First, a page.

My thanks to Jenny Platt at Hodder & Stoughton for inviting me to take part in this blog tour and providing me with a review copy. This review forms my honest opinion.
I need to tell you a story, ma chère . My story.
Rosa Kusstatscher has built a global fashion empire upon her ability to find the perfect outfit for
any occasion. But tonight, as she prepares for the most important meeting of her life, her usual
certainty eludes her.
What brought her to this moment? As she struggles to select her dress and choose the right
shade of lipstick, Rosa begins to tell her incredible story. The story of a poor country girl from a
village high in the mountains of Italy. Of Nazi occupation and fleeing in the night. Of hope and
heartbreak in Switzerland; glamour and love in Paris. Of ambition and devastation in Rio de
Janeiro; success and self discovery in New York.
A life spent running, she sees now. But she will run no longer
As January continues on in a similar vein to the horror show that was 2020, The Dressmaker of Paris has been the absolute best form of escape. I settled in to read feeling, if I’m honest, a little grumpy – and emerged knowing that this was a book I was going to adore (spoiler alert: I was right).
The story is told by Rosa herself, preparing herself for an unknown event and telling her story to someone unseen. The story is related in an interesting way, with each chapter pulling focus onto something within Rosa’s toilette, which then makes itself known within the story. At first I wasn’t sure about this element, it seemed very at odds with her younger self, but as the novel went on it grew on me, so that by the end I realised that it made complete sense for her as a character to relay her story with the aid of such props.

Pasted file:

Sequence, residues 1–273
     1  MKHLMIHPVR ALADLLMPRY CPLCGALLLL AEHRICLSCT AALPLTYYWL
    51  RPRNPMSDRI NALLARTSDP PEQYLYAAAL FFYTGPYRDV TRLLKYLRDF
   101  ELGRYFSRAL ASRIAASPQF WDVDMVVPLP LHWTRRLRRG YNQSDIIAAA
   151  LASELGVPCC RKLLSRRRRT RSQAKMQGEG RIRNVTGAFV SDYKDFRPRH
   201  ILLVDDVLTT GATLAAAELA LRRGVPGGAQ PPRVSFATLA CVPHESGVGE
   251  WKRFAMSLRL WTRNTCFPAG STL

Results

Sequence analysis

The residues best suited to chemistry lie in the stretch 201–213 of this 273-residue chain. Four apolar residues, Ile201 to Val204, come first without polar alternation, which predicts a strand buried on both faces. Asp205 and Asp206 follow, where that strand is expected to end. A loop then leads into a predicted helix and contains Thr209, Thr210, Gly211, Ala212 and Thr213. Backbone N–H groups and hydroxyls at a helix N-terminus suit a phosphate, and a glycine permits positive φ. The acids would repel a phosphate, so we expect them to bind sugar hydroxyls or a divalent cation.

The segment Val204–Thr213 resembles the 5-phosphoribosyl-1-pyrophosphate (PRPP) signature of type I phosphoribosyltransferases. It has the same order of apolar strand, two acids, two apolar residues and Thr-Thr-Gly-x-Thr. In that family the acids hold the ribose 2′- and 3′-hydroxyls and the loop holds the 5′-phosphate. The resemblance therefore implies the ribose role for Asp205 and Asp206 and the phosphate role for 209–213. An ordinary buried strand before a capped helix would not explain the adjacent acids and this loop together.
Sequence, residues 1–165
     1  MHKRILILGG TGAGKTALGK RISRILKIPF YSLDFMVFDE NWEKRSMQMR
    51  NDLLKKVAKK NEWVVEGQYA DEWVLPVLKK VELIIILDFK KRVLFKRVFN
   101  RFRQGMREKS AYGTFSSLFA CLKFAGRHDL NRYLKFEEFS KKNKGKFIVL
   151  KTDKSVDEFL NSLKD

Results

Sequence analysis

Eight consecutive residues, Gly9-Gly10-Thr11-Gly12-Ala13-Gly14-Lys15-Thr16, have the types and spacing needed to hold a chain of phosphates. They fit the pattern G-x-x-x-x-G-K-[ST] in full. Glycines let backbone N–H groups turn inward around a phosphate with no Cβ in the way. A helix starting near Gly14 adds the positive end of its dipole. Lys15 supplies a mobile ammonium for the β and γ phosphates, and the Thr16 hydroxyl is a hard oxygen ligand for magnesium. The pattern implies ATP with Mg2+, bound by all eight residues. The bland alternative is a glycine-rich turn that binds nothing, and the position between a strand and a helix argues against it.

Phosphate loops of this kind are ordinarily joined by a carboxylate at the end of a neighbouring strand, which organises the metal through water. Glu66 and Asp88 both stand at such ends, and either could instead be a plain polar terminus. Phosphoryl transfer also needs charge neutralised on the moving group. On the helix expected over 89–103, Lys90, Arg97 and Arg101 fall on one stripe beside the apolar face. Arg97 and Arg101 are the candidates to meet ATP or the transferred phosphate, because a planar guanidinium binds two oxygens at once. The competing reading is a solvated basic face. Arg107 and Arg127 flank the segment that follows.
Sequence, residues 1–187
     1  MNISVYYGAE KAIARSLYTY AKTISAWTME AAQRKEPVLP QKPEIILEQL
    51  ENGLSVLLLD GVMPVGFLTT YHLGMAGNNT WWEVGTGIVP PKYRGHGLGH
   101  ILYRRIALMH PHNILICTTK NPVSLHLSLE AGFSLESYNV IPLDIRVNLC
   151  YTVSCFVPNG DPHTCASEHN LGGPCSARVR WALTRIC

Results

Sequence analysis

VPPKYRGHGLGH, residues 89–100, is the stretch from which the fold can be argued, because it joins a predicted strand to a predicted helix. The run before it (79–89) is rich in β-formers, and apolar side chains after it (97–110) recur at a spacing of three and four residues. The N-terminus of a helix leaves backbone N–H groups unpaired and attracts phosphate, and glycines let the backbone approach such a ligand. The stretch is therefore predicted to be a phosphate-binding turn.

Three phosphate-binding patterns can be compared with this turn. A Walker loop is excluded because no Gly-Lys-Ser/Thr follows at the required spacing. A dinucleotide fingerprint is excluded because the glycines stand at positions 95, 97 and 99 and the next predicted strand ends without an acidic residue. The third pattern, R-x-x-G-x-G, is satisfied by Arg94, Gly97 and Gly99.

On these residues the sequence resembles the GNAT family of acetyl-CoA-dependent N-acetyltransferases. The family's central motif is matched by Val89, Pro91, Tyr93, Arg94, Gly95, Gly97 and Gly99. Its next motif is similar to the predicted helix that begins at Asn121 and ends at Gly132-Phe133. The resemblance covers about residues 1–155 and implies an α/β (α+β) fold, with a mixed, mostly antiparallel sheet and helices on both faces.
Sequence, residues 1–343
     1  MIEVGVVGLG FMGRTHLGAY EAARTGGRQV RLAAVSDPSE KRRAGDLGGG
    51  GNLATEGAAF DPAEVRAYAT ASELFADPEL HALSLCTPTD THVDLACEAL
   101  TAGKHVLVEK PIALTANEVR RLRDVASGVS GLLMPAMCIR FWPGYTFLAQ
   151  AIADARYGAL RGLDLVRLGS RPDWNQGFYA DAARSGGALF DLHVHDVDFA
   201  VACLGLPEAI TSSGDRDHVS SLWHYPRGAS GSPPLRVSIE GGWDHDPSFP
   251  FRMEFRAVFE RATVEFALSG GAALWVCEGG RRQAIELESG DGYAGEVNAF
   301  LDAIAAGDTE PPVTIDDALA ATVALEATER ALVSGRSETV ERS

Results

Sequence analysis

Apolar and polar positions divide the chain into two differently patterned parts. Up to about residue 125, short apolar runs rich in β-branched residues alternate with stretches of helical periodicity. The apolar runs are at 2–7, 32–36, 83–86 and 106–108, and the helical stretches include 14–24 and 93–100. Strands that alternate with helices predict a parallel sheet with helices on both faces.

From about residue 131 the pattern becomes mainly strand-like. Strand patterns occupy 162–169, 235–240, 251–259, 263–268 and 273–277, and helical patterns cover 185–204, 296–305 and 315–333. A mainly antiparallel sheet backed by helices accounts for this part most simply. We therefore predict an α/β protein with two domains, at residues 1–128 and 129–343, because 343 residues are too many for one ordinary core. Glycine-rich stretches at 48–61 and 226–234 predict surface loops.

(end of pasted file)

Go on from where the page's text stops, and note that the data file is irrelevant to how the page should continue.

It was very reminiscent for me of early Lesley Pearse novels (one of my all time favourite authors), the sole focus on a character as they grow to adulthood, encountering heartbreak, tragedy, love and joy along the way. I absolutely love this genre of novel, I grew up reading them and I find them hugely comforting and immensely enjoyable – and it was this same warm experience I had whilst reading The Dressmaker of Paris.
The novel travels far in both time and geographical distance. Beginning in the mountains of Italy at the time of the Nazi occupation, circumstances force Rosa to run away. From there, each new chapter in Rosa’s life is accompanied by a change of location, and the world truly is her oyster. From a poor, young girl in a small mountain village, Rosa builds herself into a woman of means through her own skill, talent and business acumen. In each location the sense of place translates wonderfully, bringing out something new in Rosa herself.
I got lost in Rosa’s story, to the point where I forgot to drink my coffee while it was hot, and once or twice forgot to go to sleep at an appropriate time. She’s an imperfect character, likeable but definitely flawed – and it just makes her feel all the more real so that when the last page came (and don’t be fooled like I was by blank pages masquerading as another chapter – is there anything more devastating in the bookish world than a chapter that never was!?) I didn’t want to let her go.
I often find the hardest reviews to write are for books that I’ve fiercely loved because I just want to rabbit on about how much I loved it – and this is one of these occasions. For sheer enjoyment, I struggle to see how this won’t be one of my Top Reads for 2021 – bold words when we’re barely past the half way point in the first month of the year!
If you’re looking for a book to dive into and get lost in – this is the one!
The Dressmaker of Paris will be published on 28th January 2021.